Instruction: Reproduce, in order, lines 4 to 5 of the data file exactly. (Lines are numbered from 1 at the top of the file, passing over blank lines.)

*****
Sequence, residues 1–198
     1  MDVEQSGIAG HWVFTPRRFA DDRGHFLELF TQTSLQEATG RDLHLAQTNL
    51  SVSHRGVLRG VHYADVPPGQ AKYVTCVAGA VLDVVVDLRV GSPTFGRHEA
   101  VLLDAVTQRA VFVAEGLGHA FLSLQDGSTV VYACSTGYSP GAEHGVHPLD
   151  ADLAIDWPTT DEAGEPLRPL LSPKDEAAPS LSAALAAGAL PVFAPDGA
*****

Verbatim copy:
   101  VLLDAVTQRA VFVAEGLGHA FLSLQDGSTV VYACSTGYSP GAEHGVHPLD
   151  ADLAIDWPTT DEAGEPLRPL LSPKDEAAPS LSAALAAGAL PVFAPDGA